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  • Following an acute or chronic ischemic injury, dysfunctional myocardium can be classified as viable (stunned or hibernating myocardium) or nonviable (necrotic and scar).

  • Hibernating myocardium is characterized by reduced perfusion at rest after repeated episodes of ischemia and/or stunning, and despite being dysfunctional, it is viable. It has the capacity for functional recovery if adequate and timely revascularization can be achieved.

  • During fasting conditions, free-fatty acids are the preferred energy substrate of the myocardium. However, ischemia can cause a shift toward glucose utilization making positron emission tomography (PET) with 18F-fluorodeoxyglucose (FDG) a highly sensitive means to evaluate the presence of hibernating myocardium.

  • While all techniques (18FDG PET, dobutamine echocardiography, 201Tl-single-photon emission computed tomography [SPECT], 99mTc-SPECT, and cardiac magnetic resonance imaging [CMR] can be used for viability assessment and guidance in decision making, some may be better in certain circumstances. Among these 18FDG PET and CMR are considered more sensitive, while dobutamine echocardiogram and CMR are considered more specific.

  • The use of viability studies is best targeted to patients at higher risk for cardiac death or other cardiac events whose benefit from cardiac revascularization may be considered less certain due to factors such as comorbidities and poor vascular targets. The revascularization benefit must outweigh the risk of a potential surgery or intervention and enable improved outcome and quality of life.

  • Several prospective outcomes trials have demonstrated clinical benefit when revascularization is guided by the presence or absence of viable tissue by 18FDG PET imaging, especially with viable myocardium over 20%.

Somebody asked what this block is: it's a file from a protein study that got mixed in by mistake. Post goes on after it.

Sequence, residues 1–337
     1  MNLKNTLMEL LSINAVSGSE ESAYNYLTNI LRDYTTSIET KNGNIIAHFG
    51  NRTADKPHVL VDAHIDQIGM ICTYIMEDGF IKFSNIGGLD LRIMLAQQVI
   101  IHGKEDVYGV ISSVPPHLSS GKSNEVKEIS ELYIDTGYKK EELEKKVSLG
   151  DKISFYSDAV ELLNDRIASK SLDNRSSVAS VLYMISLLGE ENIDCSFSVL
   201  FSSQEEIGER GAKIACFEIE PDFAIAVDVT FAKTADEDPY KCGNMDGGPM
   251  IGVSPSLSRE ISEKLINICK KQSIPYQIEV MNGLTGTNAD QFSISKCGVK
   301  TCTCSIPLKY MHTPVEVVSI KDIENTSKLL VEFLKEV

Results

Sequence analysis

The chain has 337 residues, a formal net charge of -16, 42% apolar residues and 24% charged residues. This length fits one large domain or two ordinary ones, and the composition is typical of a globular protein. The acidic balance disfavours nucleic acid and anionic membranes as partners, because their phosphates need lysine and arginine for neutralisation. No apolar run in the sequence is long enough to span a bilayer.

One in every eight deaths is attributable to heart failure (HF). The prevalence of HF continues to increase. In the United States, HF has increased from 5.7 million in 2012 to 6.5 million in 2014, and it is estimated that this will be more than 8 million people by 2030. This will lead to 127% increase in healthcare costs amounting to approximately $69.7 billion.1,2 Although survival of HF patients has improved, it remains a disease with poor outcome with a 50% mortality at 5 years.3 Given the growing prevalence of ischemic heart failure (IHF) and its high mortality rate, the optimal management strategies for IHF have been the focus of research for the past several decades. Evidence, including randomized controlled trials, has accumulated and supports the notion that patients with IHF may benefit from viability imaging to guide therapy and revascularization decisions.4–12 Many studies have suggested that viability assessment using noninvasive testing is a predictor of LV function and outcome benefit with revascularization.7,8,10–13 However, the viability substudies of the recent Surgical Treatment for Ischemic Heart Failure (STICH) and STICH Extension Study (STICHES) trials called some of these observations into question (discussed in details below).14,15 The STICH(ES) trial demonstrated long-term outcome benefit for revascularization in patients with left ventricle (LV) dysfunction, angina, and suitable anatomy. The viability substudies (that used single-photon emission computed tomography ...

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